Energy2green Wind And Solar Power System

3.1 System modeling

The basic system configuration of an isolated hybrid wind-diesel power generation system as shown in Fig. 5 (Das et.al. 1999) is used in this study. The base capacity of the system is 350 kVA. The diesel is used to supply power to system when wind power could not adequately provide power to customer. Moreover, The PPC is installed in the wind side while the governor is equipped with the diesel side. In addition to the random wind energy supply, it is assumed that loads with sudden change have been placed in this isolated system. These result in a serious problem of large frequency deviation in the system. As a result, a serious problem of large frequency deviation may occur in the isolated power system. Such power variations and frequency deviations severely affect the system stability. Furthermore, the life time of machine apparatuses on the load side affected by such large frequency deviations will be reduced.

3.2 Pitch control design in a hybrid wind-diesel power system

3.2.1 Linearized model of hybrid wind-diesel power system with PPC

For mathematical modelling, the transfer function block diagram of a hybrid wind-diesel power generation used in this study is shown in Fig. 6 (Das et.al. 1999). The PPC is a 1st order lead-lag controller with single input feedback of frequency deviation of wind side. The state equation of linearized model in Fig. 6 can be expressed as

Where the state vector AX = [AfW AfD APD1 APD AH1 AH2 APm ], the output vector AY = [AfW], AUPPC is the control output of the PPC. The proposed control is applied to design a proposed PPC K(s). The system in equation (6) is referred to as the nominal plant G.

3.2.2 Optimization problem formulation

The optimization problem can be formulated as follows,

mm _ max where Z and Zspec are the actual and desired damping ratio of the dominant mode, respectively; a and aspec are the actual and desired real part, respectively; Kmax and Kmin are the maximum and minimum controller gains, respectively; Tmax and Tmin are the maximum and minimum time constants, respectively. This optimization problem is solved by GA to search optimal or near optimal set of the controller parameters.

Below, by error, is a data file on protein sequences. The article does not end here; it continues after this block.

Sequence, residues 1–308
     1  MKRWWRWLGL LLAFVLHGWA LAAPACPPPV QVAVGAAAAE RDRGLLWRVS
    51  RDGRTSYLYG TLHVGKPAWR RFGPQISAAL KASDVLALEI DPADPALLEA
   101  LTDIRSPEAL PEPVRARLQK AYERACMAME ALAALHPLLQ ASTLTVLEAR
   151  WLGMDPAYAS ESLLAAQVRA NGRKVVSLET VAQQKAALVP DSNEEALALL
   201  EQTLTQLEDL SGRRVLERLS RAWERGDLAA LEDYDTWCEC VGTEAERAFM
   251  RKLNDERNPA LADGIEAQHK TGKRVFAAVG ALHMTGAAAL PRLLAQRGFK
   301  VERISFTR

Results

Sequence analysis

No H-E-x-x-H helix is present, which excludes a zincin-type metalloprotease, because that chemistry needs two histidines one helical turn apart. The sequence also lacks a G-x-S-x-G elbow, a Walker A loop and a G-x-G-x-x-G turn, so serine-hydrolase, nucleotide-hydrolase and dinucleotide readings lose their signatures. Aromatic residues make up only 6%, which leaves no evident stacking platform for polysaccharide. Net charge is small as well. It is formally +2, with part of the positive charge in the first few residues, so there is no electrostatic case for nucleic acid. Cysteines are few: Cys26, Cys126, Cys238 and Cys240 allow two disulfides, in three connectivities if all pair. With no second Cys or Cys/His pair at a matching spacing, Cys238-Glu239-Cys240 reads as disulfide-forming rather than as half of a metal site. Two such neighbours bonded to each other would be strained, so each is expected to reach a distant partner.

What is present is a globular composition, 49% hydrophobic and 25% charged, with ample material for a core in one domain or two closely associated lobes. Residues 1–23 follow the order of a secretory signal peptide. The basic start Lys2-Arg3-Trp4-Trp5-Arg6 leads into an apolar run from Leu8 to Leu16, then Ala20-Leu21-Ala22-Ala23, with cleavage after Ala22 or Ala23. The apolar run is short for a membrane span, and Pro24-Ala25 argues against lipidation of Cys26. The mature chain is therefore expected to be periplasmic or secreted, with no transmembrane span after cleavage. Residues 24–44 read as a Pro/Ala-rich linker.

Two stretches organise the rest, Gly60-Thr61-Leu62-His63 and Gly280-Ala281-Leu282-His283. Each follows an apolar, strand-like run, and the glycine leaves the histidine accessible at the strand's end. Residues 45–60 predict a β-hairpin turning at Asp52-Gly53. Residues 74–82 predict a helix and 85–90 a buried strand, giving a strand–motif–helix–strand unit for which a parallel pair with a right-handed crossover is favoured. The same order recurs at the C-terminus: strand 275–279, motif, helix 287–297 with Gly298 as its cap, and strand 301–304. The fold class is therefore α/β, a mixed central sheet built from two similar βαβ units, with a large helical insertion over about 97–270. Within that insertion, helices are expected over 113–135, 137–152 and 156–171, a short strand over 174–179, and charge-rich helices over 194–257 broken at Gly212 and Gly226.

In this section, simulation studies in a hybrid wind-diesel power generation are carried out. System parameters are given in (Das et.al. 1999). In the optimization, the ranges of search parameters and GA parameters are set as follows: KC e [1 100], T1 and T2 e [0.0001 1], crossover probability is 0.9, mutation probability is 0.05, population size is 200 and maximum generation is 100. As a result, "the proposed PPC" is given automatically. In simulation studies, the performance and robustness of the proposed PPC is compared with those of the PPC designed by the variable structure control (VSC) obtained from (Das et.al. 1999). Simulation results under four case studies are carried out as shown in table 1.

Cases |
Disturbances |

1 |
Step input of wind power or load change |

2 |
Random wind power input |

3 |
Random load power input |

4 |
Simultaneous random wind power and load change. |

Table 1. Operating conditions

Table 1. Operating conditions

Case 1: Step input of wind power or load change

First, a 0.01 pukW step increase in the wind power input and the load power are applied to the system at t = 5.0 s, respectively. Fig. 7 and Fig. 8 show the frequency deviation of the diesel generation side which represents the system frequency deviation. The peak frequency deviation is reduced significantly by both of the VSC PPC and the proposed PPC. However, the proposed PPC is able to damp the peak frequency deviation quickly in comparison to VSC PPC cases.

x 10"

x 10"

M |
-Proposed PPC | ||||||||||||||||||||||||||||||||||||||||||||

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1 | ||||||||||||||||||||||||||||||||||||||||||||

# # # | |||||||||||||||||||||||||||||||||||||||||||||

V, |
/ |
Time (sec) Fig. 7. System frequency deviation against a step change of wind power. x 10
Was this article helpful? ## Renewable Energy Eco FriendlyRenewable energy is energy that is generated from sunlight, rain, tides, geothermal heat and wind. These sources are naturally and constantly replenished, which is why they are deemed as renewable. |

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